Kotter, R., Kräplin, A., & Bühringer, G. (2017). Casino Self- and Forced Excluders’ Gambling Behavior Before and After Exclusion. Journal of Gambling Studies. https://doi.org/10.1007/s10899-017-9732-0
Gaming Law Review has released a special issue of their peer-reviewed journal focusing on esports and the regulatory issues surrounding the emerging industry. Click here to view the table of contents and access the articles.
By Cornil, A., Lopez-Fernandez, O., Devos, G., Timary, P., Goudriaan, A., & Billieux, J.
Abstract: Gambling disorder is a well-established behavioural addiction, which was classified with substance-related disorders in the fifth edition of the Diagnostic and Statistical Manual of Mental Disorders. Although craving was introduced as a new diagnostic criterion for substance-related disorders, it was not included for gambling disorder. This study aimed to explore the experience of gambling craving and to evaluate whether the elaborated intrusion theory of desire (EIT), a cognitive model of craving, fits gambling craving. A mixed methods study was conducted among 31 non-clinical gamblers. The qualitative part consisted of open-ended questions targeting the components of the EIT. The quantitative part consisted of a questionnaire designed to assess triggers and descriptions of gambling craving. Qualitative analysis revealed six distinct conceptual categories related to gambling craving: positive and negative affect, external cues, mental imageries, thoughts and physiological sensations. The quantitative analysis highlighted the most relevant triggers (e.g., spontaneous thoughts) and experiential characteristics (e.g., visual imagery) of gambling craving. The present study allowed us to support the relevance of the EIT as it applies to gambling craving by disentangling its core features. Findings from this study suggest that the use of interventions derived from the EIT may be relevant for problem gambling treatment.
Cornil, A., Lopez-Fernandez, O., Devos, G., Timary, P., Goudriaan, A., & Billieux, J. (2017). Exploring gambling craving through the Elaborated Intrusion Theory of desire: A mixed methods approach. International Gambling Studies. https://doi.org/10.1080/14459795.2017.1368686
By Wong, D. F. K., Zhuang, X. Y., Jackson, A., Dowling, N., & Lo, H. H. M.
Abstract: Gambling-related cognitions and negative psychological states have been proposed as major factors in the initiation and maintenance of problem gambling (PG). While there are a substantial number of studies supporting the role of cognitive dysfunctions in the initiation and maintenance of PG, very few empirical studies have explored the specific role of negative psychological states in influencing PG behaviours. In addition, very few studies have examined the interaction effects of cognitive dysfunctions and negative psychological states in exerting influence on PG behaviours. Therefore, the present study aims to examine the main and interaction effects of gambling-related cognitions and psychological states on the gambling severity among a group of problem gamblers in Hong Kong. A cross-sectional research design was adopted. A purposive sample of 177 problem gamblers who sought treatment from a social service organization in Hong Kong completed a battery of standardised questionnaires. While gambling-related cognitions were found to exert significant effects on gambling severity, negative psychological states (i.e. stress) significantly moderated the relationship between gambling cognitions and gambling severity. In essence, those participants who reported a higher level of stress had more stable and serious gambling problems than those who reported a lower level of stress irrespective of the level of gambling-related cognitions. The findings of the moderating role of negative emotions in the relationship between cognitive distortions and severity of gambling provide insight towards developing an integrated intervention model which includes both cognitive-behavioural and emotion regulation strategies in helping people with PG.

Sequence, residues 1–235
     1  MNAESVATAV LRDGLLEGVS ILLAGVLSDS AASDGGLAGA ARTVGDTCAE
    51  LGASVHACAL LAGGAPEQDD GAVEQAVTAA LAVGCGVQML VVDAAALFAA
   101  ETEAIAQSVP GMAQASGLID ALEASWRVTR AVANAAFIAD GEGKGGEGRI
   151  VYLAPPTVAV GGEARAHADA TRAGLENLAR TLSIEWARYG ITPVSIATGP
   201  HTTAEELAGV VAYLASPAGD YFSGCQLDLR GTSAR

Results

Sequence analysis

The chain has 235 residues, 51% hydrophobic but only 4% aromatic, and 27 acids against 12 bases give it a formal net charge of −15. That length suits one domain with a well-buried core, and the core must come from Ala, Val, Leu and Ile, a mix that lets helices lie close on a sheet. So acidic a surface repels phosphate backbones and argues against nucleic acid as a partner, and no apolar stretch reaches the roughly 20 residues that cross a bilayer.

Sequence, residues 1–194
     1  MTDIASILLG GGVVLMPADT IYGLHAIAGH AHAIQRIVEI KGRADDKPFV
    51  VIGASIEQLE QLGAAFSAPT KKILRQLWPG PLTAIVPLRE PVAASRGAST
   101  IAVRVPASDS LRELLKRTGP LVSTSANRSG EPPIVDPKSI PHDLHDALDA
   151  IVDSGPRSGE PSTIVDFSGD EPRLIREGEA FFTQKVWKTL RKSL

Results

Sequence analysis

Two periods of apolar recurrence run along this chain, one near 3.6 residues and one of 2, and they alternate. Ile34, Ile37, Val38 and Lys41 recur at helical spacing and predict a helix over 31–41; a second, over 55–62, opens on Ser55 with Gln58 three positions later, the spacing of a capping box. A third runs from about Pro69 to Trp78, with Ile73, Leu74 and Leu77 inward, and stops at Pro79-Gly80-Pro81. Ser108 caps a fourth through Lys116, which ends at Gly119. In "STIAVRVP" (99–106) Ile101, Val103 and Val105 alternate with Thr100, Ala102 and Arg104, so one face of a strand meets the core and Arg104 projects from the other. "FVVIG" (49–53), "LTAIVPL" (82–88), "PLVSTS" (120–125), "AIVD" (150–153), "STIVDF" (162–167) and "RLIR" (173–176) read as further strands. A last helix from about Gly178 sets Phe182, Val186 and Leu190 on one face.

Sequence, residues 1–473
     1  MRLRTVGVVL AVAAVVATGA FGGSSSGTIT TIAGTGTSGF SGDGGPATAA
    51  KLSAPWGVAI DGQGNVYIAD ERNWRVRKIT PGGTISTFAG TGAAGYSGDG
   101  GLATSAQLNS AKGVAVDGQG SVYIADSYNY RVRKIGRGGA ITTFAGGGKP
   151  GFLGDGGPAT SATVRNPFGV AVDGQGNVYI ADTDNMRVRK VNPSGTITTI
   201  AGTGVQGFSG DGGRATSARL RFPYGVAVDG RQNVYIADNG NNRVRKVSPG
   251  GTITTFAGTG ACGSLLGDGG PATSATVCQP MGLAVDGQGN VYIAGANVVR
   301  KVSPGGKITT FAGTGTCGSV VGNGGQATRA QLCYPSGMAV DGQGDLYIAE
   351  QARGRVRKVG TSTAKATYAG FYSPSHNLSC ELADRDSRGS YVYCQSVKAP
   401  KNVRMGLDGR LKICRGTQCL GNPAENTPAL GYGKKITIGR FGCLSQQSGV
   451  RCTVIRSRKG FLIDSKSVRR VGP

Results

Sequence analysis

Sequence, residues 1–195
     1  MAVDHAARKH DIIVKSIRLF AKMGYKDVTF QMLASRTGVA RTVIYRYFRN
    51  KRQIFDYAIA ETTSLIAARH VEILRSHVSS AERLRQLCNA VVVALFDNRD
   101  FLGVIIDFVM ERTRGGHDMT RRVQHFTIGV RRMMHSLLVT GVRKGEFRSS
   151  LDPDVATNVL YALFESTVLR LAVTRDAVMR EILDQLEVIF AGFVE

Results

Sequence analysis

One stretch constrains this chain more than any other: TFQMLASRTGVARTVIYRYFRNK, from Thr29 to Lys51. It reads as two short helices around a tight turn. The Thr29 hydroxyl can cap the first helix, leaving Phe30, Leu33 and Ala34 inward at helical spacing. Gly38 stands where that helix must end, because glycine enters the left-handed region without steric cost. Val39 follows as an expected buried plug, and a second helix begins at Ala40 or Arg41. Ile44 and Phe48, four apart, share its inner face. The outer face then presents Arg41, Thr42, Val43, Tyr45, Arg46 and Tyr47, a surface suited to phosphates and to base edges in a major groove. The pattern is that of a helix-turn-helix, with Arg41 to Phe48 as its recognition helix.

Wong, D. F. K., Zhuang, X. Y., Jackson, A., Dowling, N., & Lo, H. H. M. (2017). Negative Mood States or Dysfunctional Cognitions: Their Independent and Interactional Effects in Influencing Severity of Gambling Among Chinese Problem Gamblers in Hong Kong. Journal of Gambling Studies, 1–15. https://doi.org/10.1007/s10899-017-9714-2